Or say you’re someone who is opposed to an “either/or” mindset. You can try to convince people to abandon such a mindset through arguments and reason. Or, you can take a shortcut and just declare that using an “either/or” mindset is actually a way of promoting white supremacy culture – and since we all agree that white supremacism is a bad thing, we don’t need to do any more work. Framing something as either/or promotes white supremacism, and white supremacism is bad, therefore the either/or framing is bad. Case closed. 

Of course, such tactics can lead movements to eat their own tails. After all, one key point of Kendi’s worldview is that there is an all encompassing and mutually exclusive binary. You are either an antiracist, or you are a racist – there are no other options and no middle ground. Again, he says this plainly in his book, writing “One endorses either the idea of a racial hierarchy as a racist, or racial equality as an antiracist. One either believes problems are rooted in groups of people, as a racist, or locates the roots of problems in power and policies, as an antiracist. One either allows racial inequities to persevere, as a racist, or confronts racial inequities, as an antiracist.” So, by framing the issue of racism as an either/or dichotomy, Kendi is also promoting tenants of white supremacy culture. To be clear, that’s not actually my view – I don’t believe Kendi promotes white supremacy culture. My point is simply to show the absurdities people can trap themselves in when trying to play these definitional games.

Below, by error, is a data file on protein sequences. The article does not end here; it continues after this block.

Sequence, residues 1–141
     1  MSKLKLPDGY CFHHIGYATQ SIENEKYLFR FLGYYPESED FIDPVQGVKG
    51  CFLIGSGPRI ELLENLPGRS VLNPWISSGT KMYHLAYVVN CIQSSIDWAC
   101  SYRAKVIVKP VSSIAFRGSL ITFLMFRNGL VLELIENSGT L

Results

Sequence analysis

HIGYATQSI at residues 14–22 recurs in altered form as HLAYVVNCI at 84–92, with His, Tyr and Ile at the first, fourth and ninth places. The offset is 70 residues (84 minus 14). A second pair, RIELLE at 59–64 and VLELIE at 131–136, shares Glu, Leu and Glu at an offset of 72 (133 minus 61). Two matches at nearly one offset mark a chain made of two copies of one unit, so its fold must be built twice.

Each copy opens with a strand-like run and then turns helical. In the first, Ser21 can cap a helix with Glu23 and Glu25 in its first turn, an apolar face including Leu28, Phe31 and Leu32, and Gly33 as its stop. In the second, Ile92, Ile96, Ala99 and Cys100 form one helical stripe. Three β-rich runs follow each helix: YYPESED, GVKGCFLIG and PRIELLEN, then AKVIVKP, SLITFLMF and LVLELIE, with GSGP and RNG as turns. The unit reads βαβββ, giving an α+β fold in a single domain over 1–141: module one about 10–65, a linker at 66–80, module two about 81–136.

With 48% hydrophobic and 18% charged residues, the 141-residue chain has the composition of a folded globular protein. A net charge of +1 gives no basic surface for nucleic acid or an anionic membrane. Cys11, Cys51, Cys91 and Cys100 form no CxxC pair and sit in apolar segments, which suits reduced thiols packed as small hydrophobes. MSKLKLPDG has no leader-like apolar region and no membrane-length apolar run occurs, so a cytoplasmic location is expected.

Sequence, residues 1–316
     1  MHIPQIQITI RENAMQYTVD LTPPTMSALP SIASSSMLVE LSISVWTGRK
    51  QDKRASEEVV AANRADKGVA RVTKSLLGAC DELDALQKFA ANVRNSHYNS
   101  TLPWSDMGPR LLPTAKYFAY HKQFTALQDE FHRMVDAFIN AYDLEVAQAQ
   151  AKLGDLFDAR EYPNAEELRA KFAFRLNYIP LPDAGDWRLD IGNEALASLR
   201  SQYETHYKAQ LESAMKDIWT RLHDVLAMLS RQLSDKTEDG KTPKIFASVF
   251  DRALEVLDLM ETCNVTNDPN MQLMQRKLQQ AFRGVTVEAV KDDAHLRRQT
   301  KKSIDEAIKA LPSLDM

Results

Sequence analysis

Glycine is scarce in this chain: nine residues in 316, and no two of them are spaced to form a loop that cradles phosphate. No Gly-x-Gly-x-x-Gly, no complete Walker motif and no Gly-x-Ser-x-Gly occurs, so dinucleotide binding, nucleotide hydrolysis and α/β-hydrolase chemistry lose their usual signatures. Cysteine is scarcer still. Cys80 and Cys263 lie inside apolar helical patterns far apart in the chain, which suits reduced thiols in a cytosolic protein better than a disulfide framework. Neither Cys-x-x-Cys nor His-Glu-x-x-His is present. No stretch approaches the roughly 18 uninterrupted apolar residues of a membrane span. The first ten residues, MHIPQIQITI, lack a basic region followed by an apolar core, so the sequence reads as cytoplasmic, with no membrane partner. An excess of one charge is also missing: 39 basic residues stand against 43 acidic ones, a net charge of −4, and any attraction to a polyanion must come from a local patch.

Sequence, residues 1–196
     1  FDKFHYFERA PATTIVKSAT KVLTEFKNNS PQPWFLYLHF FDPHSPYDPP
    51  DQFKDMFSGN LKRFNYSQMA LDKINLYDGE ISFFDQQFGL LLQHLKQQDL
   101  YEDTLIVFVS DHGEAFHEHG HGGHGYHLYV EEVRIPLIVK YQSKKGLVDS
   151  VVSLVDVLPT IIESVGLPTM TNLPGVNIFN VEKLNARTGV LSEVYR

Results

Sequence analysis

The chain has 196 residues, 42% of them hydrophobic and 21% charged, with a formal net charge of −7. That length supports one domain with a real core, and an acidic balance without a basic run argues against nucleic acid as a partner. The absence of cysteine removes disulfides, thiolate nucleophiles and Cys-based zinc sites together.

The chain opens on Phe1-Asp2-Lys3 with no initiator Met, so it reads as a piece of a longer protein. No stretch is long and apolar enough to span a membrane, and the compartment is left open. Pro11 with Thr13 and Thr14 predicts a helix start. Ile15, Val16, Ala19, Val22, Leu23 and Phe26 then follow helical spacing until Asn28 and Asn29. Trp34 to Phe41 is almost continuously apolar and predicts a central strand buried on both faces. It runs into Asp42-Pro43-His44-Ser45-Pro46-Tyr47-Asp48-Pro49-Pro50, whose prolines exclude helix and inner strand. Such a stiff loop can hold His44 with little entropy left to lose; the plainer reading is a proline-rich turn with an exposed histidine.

Unfortunately, I don’t know of a good way to get people to drop the baggage and association attached to words and phrases and focus on the underlying issues instead. But I’m told recognizing a problem exists is at least a necessary step to fixing it – and this is definitely a problem that needs a fix.